Get Lost in the Beautiful Night Sky
Astronomers, stargazers and anyone fascinated by the night sky, grab your blankets and binoculars! A brand new astronomical observatory is being constructed in Miquelon Lake Provincial Park, located in the Beaver Hills Biosphere (BHB).
“Being located in a biosphere is important because we can demonstrate ways in which people can interact with the natural environment in a way that promotes sustainability,” says Glen Hvenegaard, PhD and Professor of Environmental Science and Geography at the University of Alberta, Augustana Campus.
Expected to open in the fall of 2019, the Hesje Observatory will be part of the Augustana Miquelon Lake Research Station. The new observatory will house a 17 inch telescope with remote controlled adjustments, a remote controlled roof opening, and Wi-Fi connections for digital displays in various locations. In addition to the observatory tower, a wheelchair accessible classroom is being added to the research station. With the construction of the Hesje Observatory, Augustana Campus will be able to offer all seven classical disciplines of a liberal arts education within its curriculum.
The seven classical disciplines of a liberal arts education include Grammar (English), Logic (Math, Philosophy), Rhetoric (English), Arithmetic (Math), Geometry (Math), Theory of Music (Music), and Astronomy (Physics).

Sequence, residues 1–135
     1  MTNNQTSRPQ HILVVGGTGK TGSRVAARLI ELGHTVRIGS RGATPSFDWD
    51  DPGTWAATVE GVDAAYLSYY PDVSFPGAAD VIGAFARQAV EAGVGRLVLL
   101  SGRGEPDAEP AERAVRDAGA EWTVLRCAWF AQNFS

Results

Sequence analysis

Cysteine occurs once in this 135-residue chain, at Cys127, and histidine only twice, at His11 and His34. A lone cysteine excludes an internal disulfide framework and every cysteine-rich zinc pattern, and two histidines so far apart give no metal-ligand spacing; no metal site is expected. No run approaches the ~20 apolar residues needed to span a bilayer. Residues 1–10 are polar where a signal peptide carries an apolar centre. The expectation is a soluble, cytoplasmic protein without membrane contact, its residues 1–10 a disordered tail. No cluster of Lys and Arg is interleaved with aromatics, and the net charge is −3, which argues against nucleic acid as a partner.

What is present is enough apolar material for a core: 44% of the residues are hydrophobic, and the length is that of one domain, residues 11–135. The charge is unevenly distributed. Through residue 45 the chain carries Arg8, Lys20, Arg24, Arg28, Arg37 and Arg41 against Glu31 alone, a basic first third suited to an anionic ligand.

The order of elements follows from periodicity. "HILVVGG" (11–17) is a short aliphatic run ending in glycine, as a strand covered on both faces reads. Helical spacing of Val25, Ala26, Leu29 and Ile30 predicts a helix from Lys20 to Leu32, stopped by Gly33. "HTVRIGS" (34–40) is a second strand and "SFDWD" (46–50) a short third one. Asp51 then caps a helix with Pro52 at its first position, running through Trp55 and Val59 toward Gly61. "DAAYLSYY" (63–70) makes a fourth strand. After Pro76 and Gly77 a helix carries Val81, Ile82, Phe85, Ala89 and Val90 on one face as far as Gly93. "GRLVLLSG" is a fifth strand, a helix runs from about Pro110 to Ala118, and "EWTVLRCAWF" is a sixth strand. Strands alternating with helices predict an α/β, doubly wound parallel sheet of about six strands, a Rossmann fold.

The observatory is named after primary donor, Brian Hesje, who donated $500,000 to the University of Alberta to fund the construction and development of the new facility. Brian, a U of A alumnus and recipient of the Distinguished Alumni Award in 2008, has pursued higher thinking his whole life and views the observatory as a way for all to broaden their thinking. Read the U of A news article.
The new observatory will be used for research, education and outreach. Augustana’s Department of Science, in partnership with Alberta Parks and the Battle River School Division, will be able to collaborate in the development of outreach programming for school groups, participants in adult education, tourists, parks enthusiasts and lifelong learners. Together they also hope to develop partnerships with astronomical groups, nature groups, science groups, educational groups and more.
“Miquelon Lake Provincial Park is an internationally designated dark sky preserve, so the conditions for night sky viewing are excellent and will provide researchers, students, campers, and the public wonderful opportunities to see stars, planets and more,” adds Glen. “The observatory will be a great place to observe celestial phenomena on any clear night.”
Although not yet confirmed, there will be a grand opening and other scheduled astronomical observing evenings opened to the public.